"...captures the fragility and loneliness of human existence in a big city as well as any artwork..."

The Importance of Dreams

(063019)  In the opening, we see a gorgeous profile shot of tiny, delicate African American girl with a lollipop peering at a white man in a HAZMAT suit who is cleaning up harmful chemicals. In the background, a preacher is holding a sign protesting the toxins that corporations are releasing in his neighborhood. The girl is summoned away by parents and the camera pans with her, and this leaves the viewer asking why the man is protected while the girl is not and why in our society are some lives are more important than others are.

Last Black Man in San Francisco is an extraordinarily gorgeous and socially conscious urban drama about race, gentrification, and the importance of dreams. The film was a huge hit at the Sundance Film Festival where it won Best Director and a Special Jury prize for Best Creative Collaboration. It is still early, but this is by far the most memorable American Indy film I have seen so far this year.

This is the debut film of Joe Talbot and his use of comic asides and quirky street city people character interaction reminds me of Spike Lee’s Do the Right Thing, but this film is much more confident and controlled (although this film is also slightly less ambitious and ground breaking).

The film has a wonderful score by Emile Mosseri which somehow seems to capture the tone of melancholy longing of the main character, and the film also has a modern version of the ancient Greek chorus of modern street kids commenting on the action (The chorus feels much more organic and it works better than the one in Chi-Raq). The film also features songs by Joni Mitchell and Scott McKenzie (his hippy utopian song San Francisco serves as an ironic counterpart to what is going on onscreen and it reminds us how reality does not measure up to the song’s ideal).

The cast features talented newcomers Jimmy Fails (as Jimmy Fails), the director’s real life friend Jonathan Majors, playing Mont, and an aspiring writer/film maker who is probably modeled on the director. The cast also features veterans such as Lethal Weapon’s Danny Glover (he was also in the recent Dead Don’t Die), and the almost forgotten Thora Birch, who I do not think I have seen in a major picture since 2001’s Ghost World.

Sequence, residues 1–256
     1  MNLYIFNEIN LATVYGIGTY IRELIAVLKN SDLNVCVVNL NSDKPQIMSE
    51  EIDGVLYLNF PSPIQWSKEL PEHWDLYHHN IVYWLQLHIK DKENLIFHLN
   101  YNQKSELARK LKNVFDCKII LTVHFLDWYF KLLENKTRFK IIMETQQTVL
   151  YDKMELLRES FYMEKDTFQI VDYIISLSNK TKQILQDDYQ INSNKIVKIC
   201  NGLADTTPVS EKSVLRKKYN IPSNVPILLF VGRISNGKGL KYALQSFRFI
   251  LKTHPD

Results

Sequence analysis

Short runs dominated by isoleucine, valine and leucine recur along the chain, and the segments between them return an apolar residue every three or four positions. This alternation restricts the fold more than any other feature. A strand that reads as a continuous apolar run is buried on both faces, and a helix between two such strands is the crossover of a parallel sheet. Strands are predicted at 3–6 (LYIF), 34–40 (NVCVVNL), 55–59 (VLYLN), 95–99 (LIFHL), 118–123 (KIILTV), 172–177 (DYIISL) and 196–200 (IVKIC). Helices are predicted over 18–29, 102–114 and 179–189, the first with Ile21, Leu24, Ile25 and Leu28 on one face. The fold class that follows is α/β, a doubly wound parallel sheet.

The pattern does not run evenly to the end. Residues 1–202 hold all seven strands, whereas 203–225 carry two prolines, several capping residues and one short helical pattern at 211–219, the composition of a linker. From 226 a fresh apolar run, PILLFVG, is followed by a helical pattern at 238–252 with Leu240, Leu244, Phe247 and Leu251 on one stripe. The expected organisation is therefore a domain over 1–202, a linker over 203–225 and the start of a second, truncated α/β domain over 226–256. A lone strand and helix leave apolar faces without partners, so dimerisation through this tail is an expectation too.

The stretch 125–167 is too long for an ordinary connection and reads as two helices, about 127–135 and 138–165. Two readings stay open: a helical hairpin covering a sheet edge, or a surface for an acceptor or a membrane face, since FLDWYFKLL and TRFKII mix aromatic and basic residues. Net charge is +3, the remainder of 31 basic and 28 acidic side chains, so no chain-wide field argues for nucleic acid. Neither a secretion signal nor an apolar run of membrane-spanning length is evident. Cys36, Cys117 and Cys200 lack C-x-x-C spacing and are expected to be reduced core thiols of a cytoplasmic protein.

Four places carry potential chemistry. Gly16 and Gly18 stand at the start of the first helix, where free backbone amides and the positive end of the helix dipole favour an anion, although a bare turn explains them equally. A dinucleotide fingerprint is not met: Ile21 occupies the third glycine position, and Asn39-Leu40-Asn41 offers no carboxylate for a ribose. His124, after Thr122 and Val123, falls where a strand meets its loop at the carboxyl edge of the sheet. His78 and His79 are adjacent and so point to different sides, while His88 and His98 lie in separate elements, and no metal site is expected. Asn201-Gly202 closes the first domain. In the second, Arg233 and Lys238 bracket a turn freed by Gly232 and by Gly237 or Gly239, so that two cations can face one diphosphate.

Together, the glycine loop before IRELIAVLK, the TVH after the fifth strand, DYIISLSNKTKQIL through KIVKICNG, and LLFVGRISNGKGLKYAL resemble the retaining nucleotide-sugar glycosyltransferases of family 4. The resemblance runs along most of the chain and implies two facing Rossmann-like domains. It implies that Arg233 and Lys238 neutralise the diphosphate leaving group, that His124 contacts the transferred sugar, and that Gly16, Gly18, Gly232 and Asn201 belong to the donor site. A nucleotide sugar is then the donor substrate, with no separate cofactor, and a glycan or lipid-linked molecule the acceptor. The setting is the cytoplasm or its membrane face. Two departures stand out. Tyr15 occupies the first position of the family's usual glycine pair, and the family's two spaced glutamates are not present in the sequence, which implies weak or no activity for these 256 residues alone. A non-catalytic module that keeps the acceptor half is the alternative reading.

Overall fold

The film’s most surprising and delightful cameo is the appearance of Jello Biafra, the former lead singer of the notorious San Francisco punk band, the Dead Kennedys (his voice is unmistakable). Biafra plays a vain and insensitive tour guide who spouts off info to the tourists, which may be inaccurate.

Jimmy Fails (his name matches his personality) fears he will lose the chance to buy the Victorian dream house that his grandfather supposedly built with his own hands. Both he and his best friend are completely broke (they even share the same skateboard), but Jimmy is determined to buy the house even though it is worth millions

Although the house temporarily has no legal occupant, the civic minded Jimmy squats there with his friend, and he has devoted much time to restoring the beauty of both the house and the whole community. It is a way to escape his miserable dad who spends much of his time regretting what he did in the past and lamenting how life did not work out for him. His dad (played by Danny Glover) also resents his son because he dresses too much like a white person and spends too much time skateboarding.

There is an important scene in which Jim’s writer friend, Mont, puts on an one man show in which he plays a dual character (like the comic villain Two Face each side is a physical manifestation of personality) who later splits into two people corresponding to Jimmie and Mont (You can probably interpret it different ways). The play berates Jimmy for the myths he believes in, but the film ultimately suggests that fiction is ok as long as it is needed to give us the strength to go on.

The film implies that some of the most evil invaders and villains are is the white (at least in this case) real estate developers who do not care if they rip apart a community or destroy dreams as long as they can make a few quick bucks. I might be overanalyzing this but I found it interesting that in a time that our presidential office is occupied by a former real estate developer, the biggest villain in a movie is a selfish real estate developer.

Although Jimmy has the biggest single role in the film, its star is really the underbelly of San Francisco. The film shows us glimpses into the lives of everyday street preachers, the destitute, and skate boarders. One of the best scenes shows a little speck of a skate border juxtaposed before a huge panoramic scene of immense streets and buildings. The shot contrasting the miniscule boy against the massive city is reminiscent of the work of Antonioni, and it is the most thrilling and memorable shot in the film. This scene captures the fragility and loneliness of human existence in a big city as well as any artwork I have experienced including the classic Iggy Pop song, The Passenger.

Both the look of this humanistic film and its relatable characters elevate it far above virtually all of the current franchise films. Try to see it at the big screen theater because you will never be able to experience the full power and majesty of the lovely long shots on a television or computer.

Directed by:   Joe Talbot
Written by:   Screenplay by Joe Talbot and Robert Richert
Starring:    Jimmie Fails, Jonathan Majors, Danny Glover
Released:    060719
Length:    121 minutes
Rating:    Rated R for language, brief nudity and drug use

For more writings by Vittorio Carli go to
and plus look for his recent book Tape Worm Salad with Olive Oil for Extra Flavor

LAST BLACK MAN IN SAN FRANCISCO © 2019 Plan B Entertainment
Review © 2019 Alternate Reality, Inc.